During our trip round the Panasonic Center in Tokyo last week, it was easy to be impressed by the breadth of technology the Japanese electronics giant has at its disposal.
But tricky questions about the environmental cost of large-scale technology consumption are never far away. We're obviously impressed by Panasonic's 150-inch plasma TV. But how much does it spike your electricity bill when you turn it on?
We're all familiar with the big eco buzzwords by now - carbon footprints, greenhouse gas emissions, recyclables and sustainability. And, frankly, these concepts are far more important in the long-term than how big a TV is or how many nanobots can fit on the head of a pin.
So it was a relief to be introduced to Panasonic’s vision of a cleaner future in its Eco & UD House.
How has Panasonic gone green?
From the outside, the beige two-up two-down looks anything but a ¥100 million (£490,000) showcase for Panasonic’s green credentials. But the interior tells a very different story.
The official line from Panasonic is that the Eco & UD House is, "based on predictions regarding people's lifestyle in 2010." Crucially, it's designed to reduce CO2 emissions by up to two thirds.
According to Panasonic, the greenest features of the Eco House are its energy-saving appliances. As we saw in our previous article, simple lifestyle changes (like using greener TVs and long-lasting light bulbs) can add up to a substantial saving on your yearly electricity bill.
Who wants a Wind Seagull?
Next on Panasonic's live-greener list is better home insulation and the use of solar panels and windmills to generate electricity. Panasonic’s U-Vacua insulation – made by vacuum-packing thick foam pieces into thin silver-coated tiles that can be used anywhere – is amongst the best in the world.
If you've not encountered it before, Panasonic's Wind Seagull is a mast that combines solar and wind power generation in one handy unit. The rest of the energy-saving in the Eco & UD House comes from a domestic hydrogen fuel cell and an intelligent power management system.
The hydrogen fuel cell installed at the Eco House is nothing particularly new - pilot schemes using similar technology are already underway in Japan. But Panasonic's Home Energy Management System (HEMS) looks particularly impressive.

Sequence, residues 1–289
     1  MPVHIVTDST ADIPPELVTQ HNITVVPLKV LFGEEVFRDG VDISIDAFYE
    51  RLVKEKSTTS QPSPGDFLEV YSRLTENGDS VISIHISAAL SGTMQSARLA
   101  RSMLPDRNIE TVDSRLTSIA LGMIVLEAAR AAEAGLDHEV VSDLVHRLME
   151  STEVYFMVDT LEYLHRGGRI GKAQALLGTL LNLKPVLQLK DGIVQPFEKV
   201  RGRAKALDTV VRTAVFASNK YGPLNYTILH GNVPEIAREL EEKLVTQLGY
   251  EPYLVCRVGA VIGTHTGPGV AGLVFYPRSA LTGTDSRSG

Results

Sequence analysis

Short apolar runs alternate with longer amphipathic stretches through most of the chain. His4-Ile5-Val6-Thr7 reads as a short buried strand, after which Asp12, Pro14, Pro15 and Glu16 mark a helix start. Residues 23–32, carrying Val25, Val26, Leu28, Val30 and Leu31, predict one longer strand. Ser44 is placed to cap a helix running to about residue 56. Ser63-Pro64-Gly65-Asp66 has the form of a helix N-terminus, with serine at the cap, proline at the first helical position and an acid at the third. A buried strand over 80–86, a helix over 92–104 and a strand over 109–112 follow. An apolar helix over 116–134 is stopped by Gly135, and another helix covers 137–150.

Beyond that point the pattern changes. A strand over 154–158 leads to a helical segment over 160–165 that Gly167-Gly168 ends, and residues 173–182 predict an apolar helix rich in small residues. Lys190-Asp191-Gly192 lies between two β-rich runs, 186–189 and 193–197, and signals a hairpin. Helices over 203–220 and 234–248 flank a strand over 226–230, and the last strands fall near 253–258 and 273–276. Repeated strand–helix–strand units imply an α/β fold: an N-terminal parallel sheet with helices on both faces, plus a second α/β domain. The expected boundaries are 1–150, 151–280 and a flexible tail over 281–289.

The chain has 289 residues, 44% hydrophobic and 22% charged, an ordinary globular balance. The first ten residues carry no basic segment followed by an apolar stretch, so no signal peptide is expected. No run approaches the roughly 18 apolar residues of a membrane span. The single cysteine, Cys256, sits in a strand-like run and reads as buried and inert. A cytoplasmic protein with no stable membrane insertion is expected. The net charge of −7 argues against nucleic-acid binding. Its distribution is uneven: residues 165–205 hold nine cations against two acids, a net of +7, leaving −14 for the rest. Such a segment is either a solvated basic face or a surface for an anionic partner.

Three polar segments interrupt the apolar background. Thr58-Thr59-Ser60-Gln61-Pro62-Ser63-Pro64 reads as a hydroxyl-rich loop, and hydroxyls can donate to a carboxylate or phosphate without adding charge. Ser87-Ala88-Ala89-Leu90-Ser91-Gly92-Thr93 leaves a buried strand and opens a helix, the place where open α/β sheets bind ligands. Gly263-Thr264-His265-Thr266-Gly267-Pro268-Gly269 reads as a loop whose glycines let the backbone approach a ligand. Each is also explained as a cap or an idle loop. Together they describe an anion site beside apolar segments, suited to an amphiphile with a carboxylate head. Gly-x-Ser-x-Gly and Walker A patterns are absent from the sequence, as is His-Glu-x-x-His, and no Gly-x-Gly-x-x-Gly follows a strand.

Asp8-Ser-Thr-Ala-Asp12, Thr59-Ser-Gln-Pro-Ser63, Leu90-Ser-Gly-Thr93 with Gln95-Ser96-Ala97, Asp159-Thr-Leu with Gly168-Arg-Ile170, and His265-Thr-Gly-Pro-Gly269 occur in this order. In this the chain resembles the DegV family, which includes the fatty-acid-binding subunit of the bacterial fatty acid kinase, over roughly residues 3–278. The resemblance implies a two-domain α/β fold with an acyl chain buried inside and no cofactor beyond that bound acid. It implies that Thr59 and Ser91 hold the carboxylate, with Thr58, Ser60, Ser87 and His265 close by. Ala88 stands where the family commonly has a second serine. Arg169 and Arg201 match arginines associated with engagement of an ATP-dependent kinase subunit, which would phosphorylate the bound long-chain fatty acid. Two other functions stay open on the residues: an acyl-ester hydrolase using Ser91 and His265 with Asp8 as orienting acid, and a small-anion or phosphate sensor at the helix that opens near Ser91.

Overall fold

HEMS relies on monitoring how appliances use electricity and when they do so. A live data feed goes from a central computer to screens all over the house. This shows how much power has been drawn from the grid, what has been self-generated by the house, the cost of running individual appliances and advice on when to use devices most efficiently.
The official Panasonic line for HEMS is “from efficient energy consumption to energy generation … a new link between your home and the global environment.” But the prominence given to displaying how much money can be saved using HEMS makes it clear that saving money is at least as important for most of us.
RFID door keys and iris scanners
But Panasonic's Eco & UD House also boasts some high-tech solutions to improve a family's quality of life.
The front door is – naturally – protected by an wireless entry system.
This uses the RFID phone-based technology that’s so common in Japan now. Anyone without an authorised phone just ain’t getting in.
When we tried to sneak by the all-seeing eye, we got a blast on an alarm and were snapped by a camera mounted on the Wind Seagull mast we mentioned earlier. The Panasonic guide only let us in after showing off the incriminating security snapshot that had been beamed to her handheld.
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J Mark Lytle was an International Editor for TechRadar, based out of Tokyo, who now works as a Script Editor, Consultant at NHK, the Japan Broadcasting Corporation. Writer, multi-platform journalist, all-round editorial and PR consultant with many years' experience as a professional writer, their bylines include CNN, Snap Media and IDG.